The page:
When the Pirates traded away minor leaguer Brooks Pounders, along with Diego Goris, on the eve of the Rule 5 draft last December, the initial thought was that the Pirates were losing not only one of the best named pitchers in the organization, but someone that we had hoped would be a pretty good pitcher for the Pirates someday. Anytime there is a trade when you aren’t familiar with the person coming in return, you tend to think that you are losing out on something. And when that someone was a 2nd round pick just a couple of years ago, it makes you wonder why the team is bailing on him already. After all, you can never have too many arms in the system, and although Pounders wasn’t really a power arm, he did have a K/9 rate of just under 10 last season. Plus we added in a 21 year old infielder in Goris, who had never played anywhere but the Dominican Summer League, and you start to expect to have gotten something significant back in return.
The book on Yamaico Navarro was that he is a decent offensive infielder who has glove issues. And so far in spring training, Navarro has been as advertised with the bat. He is hitting .366 with a .934 OPS through 41 at bats, with 1 HR, one triple and a double. He has only 5 strikeouts and is coming off of a four hit game yesterday against the Astros, with a 3 hit game in the books from a couple of days prior.
Defensively, he has been adequate as well, committing only 1 error so far in spring in over 84 innings of manning multiple positions, mostly second base. But Navarro has also played SS, 3B, LF and RF in the 20 games of spring training to date. He did commit 8 errors in Omaha last year after getting traded to the Royals (from Boston for Mike Aviles), but it appears that he has shown steady if not spectacular improvement in the defensive category.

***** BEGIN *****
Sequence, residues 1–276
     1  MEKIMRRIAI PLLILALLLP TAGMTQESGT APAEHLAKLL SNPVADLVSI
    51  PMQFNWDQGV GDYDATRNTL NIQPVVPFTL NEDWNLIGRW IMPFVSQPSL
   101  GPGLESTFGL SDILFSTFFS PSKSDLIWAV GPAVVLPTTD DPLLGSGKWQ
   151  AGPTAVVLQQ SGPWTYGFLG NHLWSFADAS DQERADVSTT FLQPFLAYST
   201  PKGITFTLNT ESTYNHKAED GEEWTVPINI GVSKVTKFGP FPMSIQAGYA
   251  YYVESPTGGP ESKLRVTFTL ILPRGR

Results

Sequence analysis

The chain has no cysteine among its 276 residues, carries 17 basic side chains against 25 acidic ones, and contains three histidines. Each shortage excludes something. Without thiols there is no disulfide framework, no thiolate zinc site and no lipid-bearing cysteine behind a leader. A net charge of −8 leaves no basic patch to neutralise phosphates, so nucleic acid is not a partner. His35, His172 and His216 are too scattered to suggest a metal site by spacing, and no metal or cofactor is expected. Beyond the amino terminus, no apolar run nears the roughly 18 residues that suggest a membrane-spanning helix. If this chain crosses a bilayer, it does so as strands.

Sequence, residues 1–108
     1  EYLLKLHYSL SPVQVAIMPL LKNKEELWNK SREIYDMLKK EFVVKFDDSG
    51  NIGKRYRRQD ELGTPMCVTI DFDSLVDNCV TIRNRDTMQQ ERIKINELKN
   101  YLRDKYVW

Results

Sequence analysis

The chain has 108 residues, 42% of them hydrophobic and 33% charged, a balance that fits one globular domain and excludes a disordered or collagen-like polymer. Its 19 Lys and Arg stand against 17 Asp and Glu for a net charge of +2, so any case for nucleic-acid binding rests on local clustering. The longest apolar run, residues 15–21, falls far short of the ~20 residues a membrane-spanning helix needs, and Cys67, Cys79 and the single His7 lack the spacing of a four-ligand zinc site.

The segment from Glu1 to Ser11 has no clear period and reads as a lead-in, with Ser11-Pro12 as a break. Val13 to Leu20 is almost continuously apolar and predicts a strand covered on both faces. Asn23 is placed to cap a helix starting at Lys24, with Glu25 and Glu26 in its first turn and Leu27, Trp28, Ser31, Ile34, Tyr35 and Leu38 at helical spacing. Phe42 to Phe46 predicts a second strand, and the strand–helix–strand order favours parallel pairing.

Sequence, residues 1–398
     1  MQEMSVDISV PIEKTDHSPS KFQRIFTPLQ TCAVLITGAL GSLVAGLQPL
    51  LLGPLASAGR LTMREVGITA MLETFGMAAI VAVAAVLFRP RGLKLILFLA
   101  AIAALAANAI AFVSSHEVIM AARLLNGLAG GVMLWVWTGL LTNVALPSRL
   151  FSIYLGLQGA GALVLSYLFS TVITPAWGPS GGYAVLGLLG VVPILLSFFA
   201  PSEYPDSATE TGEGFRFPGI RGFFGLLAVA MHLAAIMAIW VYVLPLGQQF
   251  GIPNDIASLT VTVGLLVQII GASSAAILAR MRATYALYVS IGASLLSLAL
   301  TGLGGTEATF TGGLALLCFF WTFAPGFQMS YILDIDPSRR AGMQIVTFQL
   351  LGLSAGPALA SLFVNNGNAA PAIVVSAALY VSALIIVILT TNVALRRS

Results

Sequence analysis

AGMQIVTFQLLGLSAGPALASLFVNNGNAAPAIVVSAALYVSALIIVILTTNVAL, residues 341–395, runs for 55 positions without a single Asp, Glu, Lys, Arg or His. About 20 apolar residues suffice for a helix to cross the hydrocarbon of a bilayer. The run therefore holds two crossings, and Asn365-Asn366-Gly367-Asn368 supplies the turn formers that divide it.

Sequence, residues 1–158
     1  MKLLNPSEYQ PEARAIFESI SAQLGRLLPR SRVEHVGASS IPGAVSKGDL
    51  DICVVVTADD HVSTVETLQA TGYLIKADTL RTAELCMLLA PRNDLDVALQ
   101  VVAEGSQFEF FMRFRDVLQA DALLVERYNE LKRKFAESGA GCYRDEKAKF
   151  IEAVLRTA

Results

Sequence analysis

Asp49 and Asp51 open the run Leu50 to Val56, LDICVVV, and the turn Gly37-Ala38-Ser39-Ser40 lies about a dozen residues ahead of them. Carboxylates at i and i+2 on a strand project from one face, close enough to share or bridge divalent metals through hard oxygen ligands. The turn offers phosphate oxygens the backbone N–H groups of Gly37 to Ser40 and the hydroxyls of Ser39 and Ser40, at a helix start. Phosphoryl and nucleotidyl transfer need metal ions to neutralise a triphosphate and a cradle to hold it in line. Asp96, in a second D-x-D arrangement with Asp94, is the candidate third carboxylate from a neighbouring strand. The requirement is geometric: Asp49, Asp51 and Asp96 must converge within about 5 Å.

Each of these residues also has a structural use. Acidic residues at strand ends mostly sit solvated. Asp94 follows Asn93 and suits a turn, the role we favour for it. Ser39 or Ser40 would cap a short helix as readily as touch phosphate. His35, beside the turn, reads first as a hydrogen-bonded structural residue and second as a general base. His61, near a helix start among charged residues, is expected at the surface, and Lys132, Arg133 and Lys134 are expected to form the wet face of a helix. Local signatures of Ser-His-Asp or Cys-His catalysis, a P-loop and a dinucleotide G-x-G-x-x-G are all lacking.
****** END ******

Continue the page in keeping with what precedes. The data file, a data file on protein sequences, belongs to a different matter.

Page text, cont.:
Navarro is looking more and more to have a decent shot to make the Pirates opening day lineup as a utility infielder, although much depends on what happens with Pedro Alvarez and who will be needed as backup infielders. You would have to think that Josh Harrison has a pretty good shot at that spot as well, though I would like to see him play every day in Indy and not fall into the utility role as I think Harrison could be an every day player in the majors. It seems like Navarro could very well end up as an everyday player as well, and his defense, especially at shortstop, will likely determine whether or not that happens. But so far this spring, his offense brings something to the table that we haven’t seen often before, and that makes it fun to keep an eye on.